In fact, this uniform was not very different from a usual legionnaire's uniform, when you looked at it from far: to see the carefully chosen differences, you had to have a very close look. The Chief Sergeant taking care of my first steps explained me all that, adding that he assumed that I already knew the bases: how to march, how to salute, etc. I was too stunned by this rapid and definitive transformation to react, maybe even to understand all that was told to me, to realize my new situation.

The Chief Sergeant then added that it was necessary, if I was allowed to go out in the streets, to let everybody see at once that I was a Legion Cadet and not a real legionnaire. In order to reach that aim, I would have to wear what he called "a special Cadet collar”. In fact it was a dog collar containing an electronic chip giving permanently my position. This dog collar was painted in red and green, according to the legion tradition. There was a ring in the back and the Chief Sergeant explained that this was meant to attach a leash whenever needed for disciplinary reasons. Precisely, since I had arrived to the "L.M.L.E.” because of my very bad behavior, I would have to wear this leash as long as necessary. The Chief Sergeant then attached the leash to my dog collar and added that as long as he felt that I needed to keep this leash, I would not be allowed to go out of the barracks. I was motionless and silent. Then the Chief Sergeant added the last insult:
"As sign of difference with the legionnaires, and also as sign of humility, you will have your head shaved every week.”
He took me then to the regimental barber who was an NCO in the Legion. This legionnaire looked at me and said:
"So, we have a new Cadet ?”
"Yes,” said the Chief Sergeant, "He is an ex-reservist who got 40 days in the brig for leaving his post during a guard and for wearing a White Kepi without being one of us.”
"A reservist who wanted to wear a White Kepi ? Shame on him ! Well, let's treat his head now. In any case this jailbird he will soon be back in the brig if you don't take care.”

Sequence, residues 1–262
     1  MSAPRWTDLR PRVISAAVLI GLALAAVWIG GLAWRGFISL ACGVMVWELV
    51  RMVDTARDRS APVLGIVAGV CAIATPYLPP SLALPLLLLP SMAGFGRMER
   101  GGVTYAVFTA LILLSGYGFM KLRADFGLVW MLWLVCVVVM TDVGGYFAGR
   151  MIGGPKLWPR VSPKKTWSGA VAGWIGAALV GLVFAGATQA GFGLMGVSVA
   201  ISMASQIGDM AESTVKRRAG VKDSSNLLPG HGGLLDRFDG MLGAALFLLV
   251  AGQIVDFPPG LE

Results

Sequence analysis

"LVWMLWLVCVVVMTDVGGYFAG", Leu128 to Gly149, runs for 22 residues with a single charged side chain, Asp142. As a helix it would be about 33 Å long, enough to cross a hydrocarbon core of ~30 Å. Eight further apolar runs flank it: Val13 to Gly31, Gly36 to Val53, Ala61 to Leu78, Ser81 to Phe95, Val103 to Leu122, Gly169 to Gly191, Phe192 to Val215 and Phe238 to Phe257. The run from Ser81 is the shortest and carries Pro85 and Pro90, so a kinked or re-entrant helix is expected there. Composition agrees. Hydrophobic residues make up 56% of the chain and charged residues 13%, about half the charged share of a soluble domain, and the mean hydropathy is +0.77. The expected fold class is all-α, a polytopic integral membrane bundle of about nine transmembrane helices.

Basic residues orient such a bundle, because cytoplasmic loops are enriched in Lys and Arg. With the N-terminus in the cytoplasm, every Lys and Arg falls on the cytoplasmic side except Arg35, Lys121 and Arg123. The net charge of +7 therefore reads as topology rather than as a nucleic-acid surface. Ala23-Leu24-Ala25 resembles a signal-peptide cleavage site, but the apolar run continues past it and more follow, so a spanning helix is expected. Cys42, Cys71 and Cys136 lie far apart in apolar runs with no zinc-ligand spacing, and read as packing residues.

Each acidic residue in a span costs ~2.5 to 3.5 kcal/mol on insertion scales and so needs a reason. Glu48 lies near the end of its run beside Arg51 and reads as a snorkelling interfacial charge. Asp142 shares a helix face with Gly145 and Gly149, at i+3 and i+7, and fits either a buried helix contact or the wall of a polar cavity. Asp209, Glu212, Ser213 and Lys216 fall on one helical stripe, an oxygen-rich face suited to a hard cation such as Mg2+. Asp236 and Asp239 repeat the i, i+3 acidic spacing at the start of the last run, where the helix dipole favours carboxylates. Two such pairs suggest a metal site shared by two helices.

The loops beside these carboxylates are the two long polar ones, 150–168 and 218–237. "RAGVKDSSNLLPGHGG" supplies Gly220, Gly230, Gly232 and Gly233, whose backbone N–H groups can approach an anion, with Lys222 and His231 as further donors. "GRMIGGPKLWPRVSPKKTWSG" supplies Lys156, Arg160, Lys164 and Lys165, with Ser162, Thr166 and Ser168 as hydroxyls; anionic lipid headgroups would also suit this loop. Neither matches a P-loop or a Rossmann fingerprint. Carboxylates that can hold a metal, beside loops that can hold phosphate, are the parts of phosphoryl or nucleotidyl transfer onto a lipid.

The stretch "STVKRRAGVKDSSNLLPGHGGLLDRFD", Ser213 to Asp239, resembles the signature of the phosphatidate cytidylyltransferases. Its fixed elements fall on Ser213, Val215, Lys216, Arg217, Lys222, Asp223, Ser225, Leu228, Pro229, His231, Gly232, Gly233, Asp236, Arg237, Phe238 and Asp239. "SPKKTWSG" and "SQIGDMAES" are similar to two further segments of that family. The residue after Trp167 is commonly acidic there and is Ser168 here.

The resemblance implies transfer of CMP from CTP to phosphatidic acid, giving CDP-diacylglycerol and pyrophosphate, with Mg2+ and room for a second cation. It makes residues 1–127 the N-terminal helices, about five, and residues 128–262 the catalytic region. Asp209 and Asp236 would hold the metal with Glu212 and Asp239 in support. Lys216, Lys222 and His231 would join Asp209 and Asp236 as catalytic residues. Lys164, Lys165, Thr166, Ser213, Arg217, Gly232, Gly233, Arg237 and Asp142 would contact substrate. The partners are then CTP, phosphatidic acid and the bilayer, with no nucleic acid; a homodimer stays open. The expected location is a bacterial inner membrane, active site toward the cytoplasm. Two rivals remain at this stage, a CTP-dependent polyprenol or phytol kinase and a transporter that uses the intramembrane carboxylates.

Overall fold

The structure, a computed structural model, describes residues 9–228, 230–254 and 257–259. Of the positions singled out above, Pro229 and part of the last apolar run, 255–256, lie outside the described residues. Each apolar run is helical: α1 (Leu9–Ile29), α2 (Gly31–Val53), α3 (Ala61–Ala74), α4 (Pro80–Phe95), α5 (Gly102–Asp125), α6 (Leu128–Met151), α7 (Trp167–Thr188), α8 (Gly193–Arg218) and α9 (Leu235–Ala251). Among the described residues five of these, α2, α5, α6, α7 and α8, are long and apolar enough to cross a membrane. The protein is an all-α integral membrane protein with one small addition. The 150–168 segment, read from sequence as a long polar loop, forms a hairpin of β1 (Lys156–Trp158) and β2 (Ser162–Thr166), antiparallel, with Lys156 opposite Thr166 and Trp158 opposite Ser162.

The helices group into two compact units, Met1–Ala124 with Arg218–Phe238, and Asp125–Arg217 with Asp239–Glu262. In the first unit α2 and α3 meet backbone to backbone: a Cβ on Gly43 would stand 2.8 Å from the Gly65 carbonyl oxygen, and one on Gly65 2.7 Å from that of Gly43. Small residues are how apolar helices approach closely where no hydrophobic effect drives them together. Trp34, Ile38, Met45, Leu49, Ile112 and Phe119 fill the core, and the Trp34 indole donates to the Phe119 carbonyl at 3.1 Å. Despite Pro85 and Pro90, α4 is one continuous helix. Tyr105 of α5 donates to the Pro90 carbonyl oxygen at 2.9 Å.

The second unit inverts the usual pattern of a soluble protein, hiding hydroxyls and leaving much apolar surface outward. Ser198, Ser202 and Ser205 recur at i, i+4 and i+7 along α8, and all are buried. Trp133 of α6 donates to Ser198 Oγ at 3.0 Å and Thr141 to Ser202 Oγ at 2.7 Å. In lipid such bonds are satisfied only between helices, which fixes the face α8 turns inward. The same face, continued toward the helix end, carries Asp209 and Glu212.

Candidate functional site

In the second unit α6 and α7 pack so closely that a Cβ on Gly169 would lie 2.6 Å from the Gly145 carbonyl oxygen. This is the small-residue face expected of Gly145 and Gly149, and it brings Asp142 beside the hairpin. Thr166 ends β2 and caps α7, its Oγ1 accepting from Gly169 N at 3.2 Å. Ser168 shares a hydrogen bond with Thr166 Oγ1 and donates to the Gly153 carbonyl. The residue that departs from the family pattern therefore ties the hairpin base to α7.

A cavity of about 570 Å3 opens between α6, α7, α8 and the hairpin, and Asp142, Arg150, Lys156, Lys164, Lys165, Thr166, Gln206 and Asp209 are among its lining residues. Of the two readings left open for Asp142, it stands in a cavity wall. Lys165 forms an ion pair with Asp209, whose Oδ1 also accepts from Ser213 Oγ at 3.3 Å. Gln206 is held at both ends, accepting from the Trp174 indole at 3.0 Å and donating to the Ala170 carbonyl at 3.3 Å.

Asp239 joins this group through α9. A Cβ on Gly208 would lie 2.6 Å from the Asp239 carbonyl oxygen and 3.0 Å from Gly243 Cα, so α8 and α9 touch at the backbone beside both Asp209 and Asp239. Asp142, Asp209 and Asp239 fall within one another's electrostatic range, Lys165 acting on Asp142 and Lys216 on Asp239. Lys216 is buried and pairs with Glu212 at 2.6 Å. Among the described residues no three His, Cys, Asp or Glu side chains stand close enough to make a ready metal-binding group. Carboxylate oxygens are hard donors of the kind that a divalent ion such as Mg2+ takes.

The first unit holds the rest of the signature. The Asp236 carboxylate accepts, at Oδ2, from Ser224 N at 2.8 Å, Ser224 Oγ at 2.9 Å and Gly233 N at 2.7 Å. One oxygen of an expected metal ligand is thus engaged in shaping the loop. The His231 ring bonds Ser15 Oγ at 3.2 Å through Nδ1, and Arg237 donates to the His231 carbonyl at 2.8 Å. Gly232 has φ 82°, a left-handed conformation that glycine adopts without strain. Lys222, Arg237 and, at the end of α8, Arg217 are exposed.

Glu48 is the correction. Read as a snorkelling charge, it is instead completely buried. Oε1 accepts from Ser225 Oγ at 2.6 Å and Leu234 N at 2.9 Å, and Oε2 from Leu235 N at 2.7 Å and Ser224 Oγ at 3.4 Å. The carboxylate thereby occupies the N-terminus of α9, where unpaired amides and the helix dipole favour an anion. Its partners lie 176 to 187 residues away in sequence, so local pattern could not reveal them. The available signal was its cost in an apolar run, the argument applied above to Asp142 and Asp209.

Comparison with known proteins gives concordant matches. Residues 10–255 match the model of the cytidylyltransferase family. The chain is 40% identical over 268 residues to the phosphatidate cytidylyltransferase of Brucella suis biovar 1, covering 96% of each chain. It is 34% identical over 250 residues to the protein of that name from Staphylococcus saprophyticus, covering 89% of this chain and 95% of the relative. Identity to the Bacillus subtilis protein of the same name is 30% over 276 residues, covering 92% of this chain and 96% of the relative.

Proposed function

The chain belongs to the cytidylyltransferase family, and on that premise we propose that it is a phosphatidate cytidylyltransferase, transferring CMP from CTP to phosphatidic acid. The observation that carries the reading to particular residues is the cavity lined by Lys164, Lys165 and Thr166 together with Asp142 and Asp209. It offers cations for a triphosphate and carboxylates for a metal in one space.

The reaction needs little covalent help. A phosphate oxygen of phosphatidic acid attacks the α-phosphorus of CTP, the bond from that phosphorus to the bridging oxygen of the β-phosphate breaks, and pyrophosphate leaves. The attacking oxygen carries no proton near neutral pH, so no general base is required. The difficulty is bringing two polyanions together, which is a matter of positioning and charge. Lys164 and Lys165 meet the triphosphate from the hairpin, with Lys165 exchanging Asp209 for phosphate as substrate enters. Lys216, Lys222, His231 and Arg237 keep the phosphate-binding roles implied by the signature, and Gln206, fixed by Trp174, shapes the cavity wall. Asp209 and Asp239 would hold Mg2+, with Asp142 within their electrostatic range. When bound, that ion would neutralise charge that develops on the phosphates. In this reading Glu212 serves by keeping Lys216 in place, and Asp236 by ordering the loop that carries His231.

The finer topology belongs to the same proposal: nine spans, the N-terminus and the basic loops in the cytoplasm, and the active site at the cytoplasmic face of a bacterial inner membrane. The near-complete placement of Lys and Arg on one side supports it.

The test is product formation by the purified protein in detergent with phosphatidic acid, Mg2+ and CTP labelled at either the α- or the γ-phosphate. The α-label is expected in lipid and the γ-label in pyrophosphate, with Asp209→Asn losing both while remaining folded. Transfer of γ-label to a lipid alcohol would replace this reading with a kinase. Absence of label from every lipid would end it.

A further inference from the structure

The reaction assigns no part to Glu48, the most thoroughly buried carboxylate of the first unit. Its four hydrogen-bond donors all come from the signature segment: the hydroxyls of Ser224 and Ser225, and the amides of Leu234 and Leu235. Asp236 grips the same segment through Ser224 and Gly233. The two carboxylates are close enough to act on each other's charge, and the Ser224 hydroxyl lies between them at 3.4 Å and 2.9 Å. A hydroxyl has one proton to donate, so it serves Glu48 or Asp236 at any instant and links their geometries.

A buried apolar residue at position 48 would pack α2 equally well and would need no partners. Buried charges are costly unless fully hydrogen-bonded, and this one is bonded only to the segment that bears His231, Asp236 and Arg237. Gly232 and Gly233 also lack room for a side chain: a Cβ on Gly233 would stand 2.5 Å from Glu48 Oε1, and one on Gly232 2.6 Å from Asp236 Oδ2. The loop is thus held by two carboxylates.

He then told me to sit on one of the chairs and to remain there motionless. He attached my leash to the chair in such a way that I could not move anymore: I was his prisoner and he could do what he wanted with my head. He took off my beret and started to shave my head, first with his clippers, but without guard this time. He pushed my head from left to right and from the front to the back, rather gently in the beginning. Then he mumbled "Wearing a White Kepi while being a reservist !” And he stopped being gentle and started on the contrary to push and turn my head rather brutally, as a way to get his vengeance. It took him time and I started to be nervous because I was losing what was left of my precious hair. He went on with the razor and water, explaining that a legionnaire did not need shaving cream: he had to learn and be able to shave while in the field, nor did I deserve hot water because of my bad conduct. In any case, that was all he was ready to do for "a jailbird like me”. When he was done with my haircut, the barber started to shave my face, with razor and cold water only. He explained that I would have to keep a clean face permanently but that I was not allowed to shave it myself, so I had to come back to his place every week.